News and Commentary – Another Semester of 70s Films: The Conversation
This week’s movie was Francis Ford Coppola’s New Hollywood landmark The Conversation, one of the three films produced under the auspices of The Director’s Company, a partnership formed by hot-off-celebrated-hits Coppola (The Godfather), William Friedkin (The French Connection), and Peter Bogdanovich (The Last Picture Show). The arrangement with Paramount Pictures – modest budgets in exchange for complete creative freedom – was the big brass ring of the New Hollywood, akin to the deal that BBS reached with Columbia that resulted in films like Five Easy Pieces and The King of Marvin Gardens. But despite the fact that Bogdanovich’s Paper Moon was a hit and The Conversation justly showered with accolades (it took home the Palme d'Or at the 1974 Cannes film festival), the partnership fizzled. Bogdanovich’s next contribution, Daisy Miller, flopped, and Friedkin – we will mention this forever – hated The Conversation, and never provided a film for the Director’s Company, preferring instead, like Johnny Rocco in Key Largo, to reach for more. And so there are nine seventies films fewer in the world than there might have been.
But we’ll always have The Conversation. We have discussed this one before, but as our admiration for this film is unbounded, we’ll sing its praises (at least) one more time here, with a particular emphasis on its seventies-ness. The cast was a virtual who’s-who of the period, with great performances from top to bottom (but note the especially fine turns by Gene Hackman, John Cazale, and the seething, preternaturally intense Allen Garfield). A deeply personal project for writer-producer-director Coppola, as a New Hollywood movie should be, the film was also crafted by Walter Murch, prominently credited as “Supervising Editor” and for “Sound Montage & Re-Recording.” (It was Murch, for example, who repositioned Harry’s discovery of the crucial element of the tape immediately after his confrontation with Martin Stett (Harrison Ford), and immediately before his trip to the confessional. That is cinematic storytelling.) And the decision to leave the last half of the film virtually dialogue-free also adds to The Conversation’s increasing dream-like quality, intensifying suspense, and extraordinarily emotional power.
The Conversation is also a seventies film in that it favors character over plot. Which is a bit of an understatement in this case, as this is a movie which sees little need to explain itself (things I still don’t know: who knew about the tapes; what really happened in the hotel room (we see it as Harry imagined it, not as it happened); and of course, the unresolved puzzle at the end, a direct descendant from Blow-Up, one of the inspirations for this film). But that’s ok—we’ve got something better on our hands, one that hits the sweet spot of the New Hollywood: a flawed protagonist in crisis. And what a crisis, as Harry, at odds with his loyal assistant, abandoned by his girlfriend (Teri Garr), and stalked by the operatives of a shady corporation, finds himself working on a case that reminds him of the great professional trauma of his career. On the job, Harry repeatedly insists “I don’t care what they’re talking about . . . all I want is a nice fat recording,” and that he is “in no way responsible” for the consequences of the surveillance he so brilliantly performs. Or so he says. But three years previously his work led to the deaths of innocents, an event which sent him fleeing clear across the continent, leaving New York City and setting up shop in San Francisco, where no one had heard of the horrifying tabloid tale.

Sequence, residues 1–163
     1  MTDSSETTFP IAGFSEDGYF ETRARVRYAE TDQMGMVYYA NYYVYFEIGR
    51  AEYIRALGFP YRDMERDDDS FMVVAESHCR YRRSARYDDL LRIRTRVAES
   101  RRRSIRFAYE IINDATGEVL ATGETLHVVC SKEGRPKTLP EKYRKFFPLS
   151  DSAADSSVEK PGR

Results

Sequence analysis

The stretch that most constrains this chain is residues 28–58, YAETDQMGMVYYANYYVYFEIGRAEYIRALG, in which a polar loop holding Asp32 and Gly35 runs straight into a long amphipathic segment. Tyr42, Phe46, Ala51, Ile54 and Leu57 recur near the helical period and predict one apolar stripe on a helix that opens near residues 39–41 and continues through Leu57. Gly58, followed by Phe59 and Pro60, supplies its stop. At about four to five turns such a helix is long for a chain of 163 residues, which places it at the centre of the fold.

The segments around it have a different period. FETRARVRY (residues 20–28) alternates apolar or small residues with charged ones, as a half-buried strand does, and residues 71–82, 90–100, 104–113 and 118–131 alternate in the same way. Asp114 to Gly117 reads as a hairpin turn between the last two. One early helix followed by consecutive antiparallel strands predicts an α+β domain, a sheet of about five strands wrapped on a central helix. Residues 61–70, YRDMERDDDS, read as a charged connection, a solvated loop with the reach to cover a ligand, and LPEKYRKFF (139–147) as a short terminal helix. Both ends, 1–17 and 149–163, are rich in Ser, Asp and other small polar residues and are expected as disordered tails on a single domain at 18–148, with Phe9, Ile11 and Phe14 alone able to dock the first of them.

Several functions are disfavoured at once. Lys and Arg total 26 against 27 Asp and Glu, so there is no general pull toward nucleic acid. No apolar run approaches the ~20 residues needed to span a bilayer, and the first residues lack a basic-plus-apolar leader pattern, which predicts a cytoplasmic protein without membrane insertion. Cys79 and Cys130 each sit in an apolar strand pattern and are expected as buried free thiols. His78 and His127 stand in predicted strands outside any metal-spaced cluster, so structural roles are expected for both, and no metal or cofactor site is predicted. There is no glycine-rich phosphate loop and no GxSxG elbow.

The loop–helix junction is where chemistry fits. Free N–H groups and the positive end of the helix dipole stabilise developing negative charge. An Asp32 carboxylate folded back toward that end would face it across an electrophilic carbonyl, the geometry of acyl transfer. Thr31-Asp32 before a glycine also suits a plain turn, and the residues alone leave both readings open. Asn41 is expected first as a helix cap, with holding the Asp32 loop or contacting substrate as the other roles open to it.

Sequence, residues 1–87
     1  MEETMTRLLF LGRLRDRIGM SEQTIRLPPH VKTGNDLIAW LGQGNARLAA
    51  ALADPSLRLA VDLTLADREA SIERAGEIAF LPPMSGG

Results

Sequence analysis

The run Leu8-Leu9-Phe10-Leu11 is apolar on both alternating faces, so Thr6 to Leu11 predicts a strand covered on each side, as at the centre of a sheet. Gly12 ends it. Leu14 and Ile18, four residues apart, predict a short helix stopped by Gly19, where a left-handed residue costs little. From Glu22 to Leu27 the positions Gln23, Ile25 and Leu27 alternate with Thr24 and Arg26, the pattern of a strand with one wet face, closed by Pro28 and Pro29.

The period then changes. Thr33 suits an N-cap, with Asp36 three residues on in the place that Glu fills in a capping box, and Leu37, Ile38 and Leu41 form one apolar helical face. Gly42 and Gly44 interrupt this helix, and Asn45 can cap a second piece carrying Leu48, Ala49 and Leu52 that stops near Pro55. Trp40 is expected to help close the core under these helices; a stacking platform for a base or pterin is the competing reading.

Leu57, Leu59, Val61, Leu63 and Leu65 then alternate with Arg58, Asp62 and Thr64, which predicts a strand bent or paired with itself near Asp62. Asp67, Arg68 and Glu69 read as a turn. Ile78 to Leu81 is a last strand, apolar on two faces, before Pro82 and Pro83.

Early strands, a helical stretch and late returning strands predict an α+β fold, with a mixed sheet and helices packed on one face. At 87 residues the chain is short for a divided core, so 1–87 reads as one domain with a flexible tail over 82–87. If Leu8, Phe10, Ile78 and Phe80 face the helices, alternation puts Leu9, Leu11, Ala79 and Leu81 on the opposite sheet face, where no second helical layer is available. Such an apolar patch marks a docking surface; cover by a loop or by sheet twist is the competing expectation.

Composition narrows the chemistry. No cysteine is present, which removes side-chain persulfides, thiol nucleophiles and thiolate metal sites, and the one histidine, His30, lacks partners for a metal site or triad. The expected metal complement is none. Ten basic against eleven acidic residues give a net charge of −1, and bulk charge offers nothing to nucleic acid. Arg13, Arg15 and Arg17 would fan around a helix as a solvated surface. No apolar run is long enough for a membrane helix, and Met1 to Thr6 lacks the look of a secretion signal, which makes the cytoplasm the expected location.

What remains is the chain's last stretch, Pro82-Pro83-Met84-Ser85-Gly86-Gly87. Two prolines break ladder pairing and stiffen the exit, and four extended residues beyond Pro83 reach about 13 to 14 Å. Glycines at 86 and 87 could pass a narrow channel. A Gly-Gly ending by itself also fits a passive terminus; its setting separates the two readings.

But he didn’t run far enough—he could not escape the New Hollywood, a movement that renounced not just the myth of the heroic investigator, but rejected the very possibility of the investigation. And so Harry Caul shares a stage with similarly situated protagonists from those despairing years, like Harry Moseby (Hackman again) in Night Moves and Jake Gittes (Jack Nicholson) in Chinatown. With Gittes, he is desperate “not to make the same mistake twice.” But like Moseby (and Gittes), Harry got it all wrong: he “didn’t see it,” and so “played something else, and he lost.” Really, he never had a chance. Forget it, Harry, it’s the seventies film.
All Harry Wants is a "nice, fat recording" (Gene Hackman with John Cazale)
"I don't have any secrets" (Hackman with Teri Garr)
"Those tapes are dangerous Mr. Caul" (And Harrison Ford Really Wants Them)
Confronted by Bernie Moran (Allen Garfield)
Harry Has to Know
Maybe He Was Better Off Not Knowing . . .